PlayerUnknown’s Battlegrounds: An Early Access Overview

PlayerUnknown’s Battlegrounds (PUBG) burst onto the gaming scene on the 23rd March. In a matter of days, all of my favourite Twitch streamers had switched from their comfort games and dived into the Battle Royale scene on a quest for their chicken dinners – a virtual prize for being the last player or squad standing.

Within a few months, PUBG had sold millions of copies and sat firmly in the top row of the Twitch pages. Soon after, my friends list became alive with people throwing themselves onto the island – currently the only available map, as the game is in Early Access, with a release date planned for later this year. Never fear, there are more being made as we speak.

Yes, Early Access was just mentioned, but put down your pitchforks, this is different to any other Early Access game. Many of my friends used to spit in the direction of them, and quite rightly so in some cases, but I for one back this game as one of the good ones and even converted many non-believers to the dark side. It was easy, they just watched the game being played; it sells itself.

What they observed was fluid gameplay. It begins by throwing you onto an island from a plane with nothing but 99 other people. Your quest for a chicken dinner is simple; survive. As you hit the ground running (if you survive the janky parachuting mechanics) you either fight your way to the loot and dispatch all those around you, or pick up the loot and hide until the game forces you to move and fight.

Forcing you into different areas of the map to fight is an important feature of this particular genre. In PUBG, as in may others, it is achieved by randomly choosing a point around which to constrict the playable area, commonly referred to as “The Circle”. After a short time, a new, smaller circle is chosen inside the current circle, again around a random point, until eventually you are close enough to throw the bullets at the enemy. So far, staying inside the circle doesn’t sound too important, but that’s where “The Blue” comes in. While you are outside the circle, you will constantly take damage until you either make it to the circle, or die pathetically.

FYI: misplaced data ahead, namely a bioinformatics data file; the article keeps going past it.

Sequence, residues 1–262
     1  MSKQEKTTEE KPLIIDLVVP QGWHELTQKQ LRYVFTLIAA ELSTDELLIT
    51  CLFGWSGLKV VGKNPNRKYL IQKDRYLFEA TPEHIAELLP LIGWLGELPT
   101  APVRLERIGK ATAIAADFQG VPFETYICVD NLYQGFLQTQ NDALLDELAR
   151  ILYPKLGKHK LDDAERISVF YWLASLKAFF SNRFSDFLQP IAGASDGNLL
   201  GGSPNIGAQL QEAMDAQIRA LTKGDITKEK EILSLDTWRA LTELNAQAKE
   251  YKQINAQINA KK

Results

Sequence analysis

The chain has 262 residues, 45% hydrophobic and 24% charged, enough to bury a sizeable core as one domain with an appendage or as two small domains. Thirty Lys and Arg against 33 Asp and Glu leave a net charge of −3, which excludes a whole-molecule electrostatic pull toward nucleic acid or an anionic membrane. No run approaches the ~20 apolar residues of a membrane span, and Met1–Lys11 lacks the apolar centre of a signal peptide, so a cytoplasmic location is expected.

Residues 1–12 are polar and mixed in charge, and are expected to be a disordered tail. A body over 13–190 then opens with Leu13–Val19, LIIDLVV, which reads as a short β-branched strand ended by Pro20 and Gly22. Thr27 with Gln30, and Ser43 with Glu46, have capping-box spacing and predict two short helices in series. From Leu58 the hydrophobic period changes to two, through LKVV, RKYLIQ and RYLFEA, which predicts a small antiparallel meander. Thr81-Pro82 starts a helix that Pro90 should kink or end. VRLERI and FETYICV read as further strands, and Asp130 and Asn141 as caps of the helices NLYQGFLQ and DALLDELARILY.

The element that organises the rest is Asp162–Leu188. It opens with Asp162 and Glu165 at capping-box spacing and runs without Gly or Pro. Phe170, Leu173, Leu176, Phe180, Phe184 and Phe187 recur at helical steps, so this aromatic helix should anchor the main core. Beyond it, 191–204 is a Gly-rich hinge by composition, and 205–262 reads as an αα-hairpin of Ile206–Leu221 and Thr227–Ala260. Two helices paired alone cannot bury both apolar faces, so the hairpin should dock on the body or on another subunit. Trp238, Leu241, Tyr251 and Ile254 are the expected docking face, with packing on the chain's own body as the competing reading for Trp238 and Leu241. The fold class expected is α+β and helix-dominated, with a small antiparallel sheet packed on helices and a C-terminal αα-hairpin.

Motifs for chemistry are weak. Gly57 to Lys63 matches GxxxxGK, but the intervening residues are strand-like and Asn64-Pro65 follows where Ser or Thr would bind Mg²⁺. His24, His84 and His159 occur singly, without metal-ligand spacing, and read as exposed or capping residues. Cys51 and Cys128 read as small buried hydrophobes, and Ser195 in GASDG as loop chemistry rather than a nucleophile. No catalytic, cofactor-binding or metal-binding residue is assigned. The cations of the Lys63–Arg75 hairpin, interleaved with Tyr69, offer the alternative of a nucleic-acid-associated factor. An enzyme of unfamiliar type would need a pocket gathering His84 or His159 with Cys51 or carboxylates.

Spend too long outside the white circle, which is the playable area, and it may be the last thing you do!

Of course this is just scratching the surface, people have different play styles and time limits. Each match can last anywhere from 30 seconds to 30 minutes. Certainly in my circle of friends we like to have a quick warm up which generally means us landing in the middle of a war zone and we fight our way out. Once everyone on your team is dead, or you slay the rest of the server, jump into another game and off you go again.

For the loot hungry this game can be a nightmare, there are certain times when looting a body can get you killed or “just picking up this attachment that I probably will never need ever” can get your buddy killed. The race for loot drops which happen every so often can also lay you down to the same fate – but without risk there is no reward here.

It hasn’t all been plain sailing, in its short life PUBG has had its fair share of controversies. We have seen players being banned for breaking a questionable “Code of Conduct” which sees “stream sniping” included in that, along with alleged publicity stunts and community displeasure at the addition of micro-transactions. Not to mention the often hilarious, but clearly game-breaking bugs that have plagued even organised tournaments. Stats, on the other hand, do not lie.

One of the most notable achievements sees PUBG sat 1st on the “Top games by current player count” above CS:GO and even the mighty Dota2. It comes down to this: PlayerUnknown got this right, he learned lessons from his work on DayZ and H1Z1, putting the best elements onto the PUBG drawing board.

So I will close out on this simple statement. Ignore the Early Access haters, the bad publicity, the bugs, glitches and embrace this game’s quirks, what is to come is something even more special than what is already available.

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